Within a few weeks, a group of men from One Accord Community Church will stand before their families, their fellow church members and their God and recite promises to be the spiritual leader of their home.
The promises are the same ones made by a group of men after an examination of their lives in the movie "Courageous," which has been shown in a number of area churches this month.
"The five or six men in the movie probably all represent somebody in [any] church," said Ray Williams, pastor of One Accord, where the movie was shown last week. "They're so focused on work and everything and not there for their kids the way they should be."
The Sherwood Pictures movie, he said, suggests men should have a balance of work, family and church.
"Courageous," which cost $2 million to produce but earned $35 million following its September theatrical release, was the No. 1 DVD sold the third week of January, according to Studio Briefing, a daily digest of entertainment industry news.
Sherwood Pictures, which also produced the movies "Facing the Giants" and "Fireproof," is a ministry of Sherwood Baptist Church of Albany, Ga.
Marshall Thrasher, associate pastor and music pastor at Burning Bush Baptist Church in Ringgold, Ga., where the movie will be shown tonight at 6, said "Courageous" is good for the whole family.
"It's more action-packed [than previous Sherwood releases]," he said, "and it has a little more comedy. And I don't believe many men can sit through it without a few tears."
Jim Bennett, pastor of Fairview Baptist Church in Rossville, where "Courageous" will be shown on Sunday, Feb. 19, at 6 p.m., said he hoped it especially would touch the men in his congregation.
"Marriages [in general] are really suffering," he said, "and men are going to have to step up and become more responsible. That's what we're hoping to achieve."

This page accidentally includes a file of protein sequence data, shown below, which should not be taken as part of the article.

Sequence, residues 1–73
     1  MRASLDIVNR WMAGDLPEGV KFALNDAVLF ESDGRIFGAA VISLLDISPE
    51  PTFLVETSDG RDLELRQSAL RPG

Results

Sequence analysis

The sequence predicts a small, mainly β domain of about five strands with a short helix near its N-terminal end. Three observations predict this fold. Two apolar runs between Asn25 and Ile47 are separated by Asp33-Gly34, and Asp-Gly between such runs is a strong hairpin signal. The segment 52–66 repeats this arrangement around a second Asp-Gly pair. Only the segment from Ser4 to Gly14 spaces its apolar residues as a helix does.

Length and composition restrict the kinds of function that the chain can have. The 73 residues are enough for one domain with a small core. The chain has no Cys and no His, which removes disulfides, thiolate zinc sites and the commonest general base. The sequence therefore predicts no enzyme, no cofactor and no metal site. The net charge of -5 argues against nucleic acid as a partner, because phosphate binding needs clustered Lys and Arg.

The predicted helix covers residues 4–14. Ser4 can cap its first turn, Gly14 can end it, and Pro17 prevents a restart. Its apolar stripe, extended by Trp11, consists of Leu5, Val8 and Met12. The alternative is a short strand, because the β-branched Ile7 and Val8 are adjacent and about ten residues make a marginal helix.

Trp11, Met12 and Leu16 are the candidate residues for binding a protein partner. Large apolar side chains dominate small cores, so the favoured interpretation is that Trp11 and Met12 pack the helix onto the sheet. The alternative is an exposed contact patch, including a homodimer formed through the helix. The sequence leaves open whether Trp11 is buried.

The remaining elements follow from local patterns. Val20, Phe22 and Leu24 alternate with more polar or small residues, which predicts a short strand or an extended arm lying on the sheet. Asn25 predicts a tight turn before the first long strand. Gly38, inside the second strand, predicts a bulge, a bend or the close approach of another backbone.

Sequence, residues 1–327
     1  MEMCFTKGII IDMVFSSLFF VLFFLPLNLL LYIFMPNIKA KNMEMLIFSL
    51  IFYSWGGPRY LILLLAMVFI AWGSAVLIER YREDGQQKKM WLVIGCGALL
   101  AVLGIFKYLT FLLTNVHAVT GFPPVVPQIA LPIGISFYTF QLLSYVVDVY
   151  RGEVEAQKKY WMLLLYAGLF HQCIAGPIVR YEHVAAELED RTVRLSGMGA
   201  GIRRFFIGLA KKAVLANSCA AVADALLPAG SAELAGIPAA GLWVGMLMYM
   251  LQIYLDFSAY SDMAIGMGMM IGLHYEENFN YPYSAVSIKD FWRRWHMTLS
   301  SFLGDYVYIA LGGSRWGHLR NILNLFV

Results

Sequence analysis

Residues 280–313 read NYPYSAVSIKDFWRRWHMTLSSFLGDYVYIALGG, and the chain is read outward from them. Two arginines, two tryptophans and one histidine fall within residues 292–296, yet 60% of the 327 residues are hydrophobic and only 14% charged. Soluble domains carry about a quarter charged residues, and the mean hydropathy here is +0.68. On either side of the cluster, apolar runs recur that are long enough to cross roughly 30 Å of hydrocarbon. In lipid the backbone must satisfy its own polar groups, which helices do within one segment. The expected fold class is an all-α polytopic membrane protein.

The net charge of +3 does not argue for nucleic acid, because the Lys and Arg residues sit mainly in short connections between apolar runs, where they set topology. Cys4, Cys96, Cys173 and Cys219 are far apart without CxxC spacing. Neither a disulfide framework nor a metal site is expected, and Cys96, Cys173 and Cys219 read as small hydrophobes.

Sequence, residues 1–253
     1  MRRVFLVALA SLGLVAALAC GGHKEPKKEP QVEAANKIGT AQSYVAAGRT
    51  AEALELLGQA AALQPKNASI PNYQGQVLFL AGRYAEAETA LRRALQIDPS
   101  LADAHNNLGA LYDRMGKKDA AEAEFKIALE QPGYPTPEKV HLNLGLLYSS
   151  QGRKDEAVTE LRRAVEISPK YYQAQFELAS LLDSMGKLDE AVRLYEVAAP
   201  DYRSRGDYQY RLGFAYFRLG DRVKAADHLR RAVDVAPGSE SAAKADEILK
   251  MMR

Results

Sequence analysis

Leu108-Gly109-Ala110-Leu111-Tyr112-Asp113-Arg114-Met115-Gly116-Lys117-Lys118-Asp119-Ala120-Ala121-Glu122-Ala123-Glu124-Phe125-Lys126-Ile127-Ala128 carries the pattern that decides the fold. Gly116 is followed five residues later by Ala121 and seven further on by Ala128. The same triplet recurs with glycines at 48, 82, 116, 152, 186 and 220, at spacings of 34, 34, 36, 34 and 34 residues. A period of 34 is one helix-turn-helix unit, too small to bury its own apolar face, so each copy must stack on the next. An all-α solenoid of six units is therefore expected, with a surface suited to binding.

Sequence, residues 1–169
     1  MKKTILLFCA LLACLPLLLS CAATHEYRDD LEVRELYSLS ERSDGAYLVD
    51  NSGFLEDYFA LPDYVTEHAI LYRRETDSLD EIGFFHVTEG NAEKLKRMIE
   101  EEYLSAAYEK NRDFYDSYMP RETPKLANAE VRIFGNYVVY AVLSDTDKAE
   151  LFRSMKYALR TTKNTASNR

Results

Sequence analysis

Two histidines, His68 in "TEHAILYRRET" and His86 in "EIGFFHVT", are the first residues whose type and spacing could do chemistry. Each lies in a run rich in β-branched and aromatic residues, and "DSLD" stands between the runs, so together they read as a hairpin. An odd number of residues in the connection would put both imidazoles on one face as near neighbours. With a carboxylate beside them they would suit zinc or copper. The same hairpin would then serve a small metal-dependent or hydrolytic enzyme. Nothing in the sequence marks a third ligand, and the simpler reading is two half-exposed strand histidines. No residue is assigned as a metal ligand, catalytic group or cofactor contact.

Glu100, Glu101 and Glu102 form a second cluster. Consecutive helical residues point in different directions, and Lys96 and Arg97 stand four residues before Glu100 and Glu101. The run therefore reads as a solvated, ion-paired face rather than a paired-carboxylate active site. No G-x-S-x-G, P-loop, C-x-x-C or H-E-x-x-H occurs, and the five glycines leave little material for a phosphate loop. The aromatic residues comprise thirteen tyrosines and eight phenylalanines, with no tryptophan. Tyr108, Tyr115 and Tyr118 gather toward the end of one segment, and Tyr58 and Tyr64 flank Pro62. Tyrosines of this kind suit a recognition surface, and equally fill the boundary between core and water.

Among other churches, Olivia Baptist in Dalton, Ga., will screen the movie today at 5 p.m.
Churches, which purchase a license to show the film, also can buy related Bible studies and other resources that can be used with small groups.
Thrasher said a "Courageous" sermon series and a four-week Bible study will follow the screening of the movie at Burning Bush Baptist.
"It gives you all the tools," he said of the movie. "You have to make the decision. It definitely challenges you."
Likewise, Bennett said he hopes a couples Bible study at Fairview Baptist using the "Courageous" materials will grow out of the movie screening.
Williams said the movie brought some watchers at One Accord to tears, sent some to the altar for prayer, caused some to vow spiritual leadership for their family and moved some to see to it their married children see the movie.
"If Satan destroys the home," he said, "he kills the church. [The movie] teaches a man how to biblically raise a child -- not in the way of the world but in the way of the Lord."
Men will understand that they're not doing the job with their children that they thought they were, Williams said.
"It had way more [impact] than I anticipated," he said.
Thrasher said the film calls men to godliness, to be godly fathers and examples, and to plug into their families.
"They're not just to be on the outskirts hoping their family comes out well," he said, "but to really dig into it."